Puerto Rico faced the possibility of being impacted by tsunami waves after a strong 7.6 magnitude earthquake hit the Caribbean on Tuesday, but a tsunami advisory was canceled after less than two hours.
The U.S. Geological Survey detected the earthquake shortly before 10 p.m. EST and a subsequent tsunami advisory was put into effect for Puerto Rico and the U.S. Virgin Islands by the Pacific Tsunami Warning Center, which is operated by the National Oceanic and Atmospheric Administration.
The advisory was later canceled, but PTWC urged continued caution and warned there still may be minor sea fluctuations over the next few hours.
The earthquake struck in the ocean between Honduras and Cuba. USGS initially reported a 7.8 magnitude earthquake, but later downgraded it to a 7.6 magnitude quake. Jamaica and parts of Central America had also faced possible tsunami conditions. Some homes in Honduras were cracked due to the quake, but there were no immediate reports of serious damage or casualties related to the event, according to the Associated Press.
BREAKING: USGS: Powerful preliminary magnitude 7.8 earthquake strikes between Honduras and Cuba. Pacific Tsunami Warning Center warns that tsunami waves are possible in the region. pic.twitter.com/gfIkW3MRpe— NBC Nightly News with Lester Holt (@NBCNightlyNews) January 10, 2018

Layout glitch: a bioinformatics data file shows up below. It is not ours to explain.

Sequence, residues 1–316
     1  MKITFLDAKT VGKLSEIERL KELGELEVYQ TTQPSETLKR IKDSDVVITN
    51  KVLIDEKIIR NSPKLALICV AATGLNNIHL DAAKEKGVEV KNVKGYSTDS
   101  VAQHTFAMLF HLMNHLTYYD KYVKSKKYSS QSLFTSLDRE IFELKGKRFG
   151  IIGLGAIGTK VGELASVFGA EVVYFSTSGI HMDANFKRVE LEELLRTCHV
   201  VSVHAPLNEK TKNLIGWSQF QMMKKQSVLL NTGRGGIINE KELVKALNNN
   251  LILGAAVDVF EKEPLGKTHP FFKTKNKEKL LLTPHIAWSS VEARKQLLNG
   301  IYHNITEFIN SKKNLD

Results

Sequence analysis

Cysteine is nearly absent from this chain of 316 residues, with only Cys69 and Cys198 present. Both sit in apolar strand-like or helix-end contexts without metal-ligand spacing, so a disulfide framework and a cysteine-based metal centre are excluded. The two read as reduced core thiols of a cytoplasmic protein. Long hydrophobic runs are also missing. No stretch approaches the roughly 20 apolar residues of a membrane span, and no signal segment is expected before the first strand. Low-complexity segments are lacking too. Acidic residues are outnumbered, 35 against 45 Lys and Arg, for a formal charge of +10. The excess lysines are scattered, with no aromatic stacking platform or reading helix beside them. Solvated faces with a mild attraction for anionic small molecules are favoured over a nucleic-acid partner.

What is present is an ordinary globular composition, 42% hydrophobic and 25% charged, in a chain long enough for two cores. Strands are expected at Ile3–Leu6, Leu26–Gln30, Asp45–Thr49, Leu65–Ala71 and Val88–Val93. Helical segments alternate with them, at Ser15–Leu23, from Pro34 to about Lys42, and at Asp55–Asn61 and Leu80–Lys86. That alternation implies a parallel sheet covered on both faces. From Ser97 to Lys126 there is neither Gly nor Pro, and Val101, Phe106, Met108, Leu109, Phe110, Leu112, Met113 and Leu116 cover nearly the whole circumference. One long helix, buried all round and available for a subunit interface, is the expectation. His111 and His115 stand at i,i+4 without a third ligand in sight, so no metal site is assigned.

The National Weather Service in San Juan, Puerto Rico's capital, recommended people should stay away from the coast.
11:22pm Recommended actions: persons located in/near the ocean should move out of the waters, off the beach and away from the harbor.
Acciones recomendadas: personas cerca o en el agua deben alejarse de las aguas, fuera de las playas y alejados de los puertos.— NWS San Juan (@NWSSanJuan) January 10, 2018
Puerto Rico and its estimated 3.5 million residents are still recovering from an intense hurricane season last year. Hurricane Maria made landfall as a Category 4 storm over Puerto Rico in September and wiped out electricity across the island territory.
Power still has not been returned to more than 40 percent of customers four months later, according to ABC News this week. Maria caused an estimated $95 billion in damage and killed dozens of people.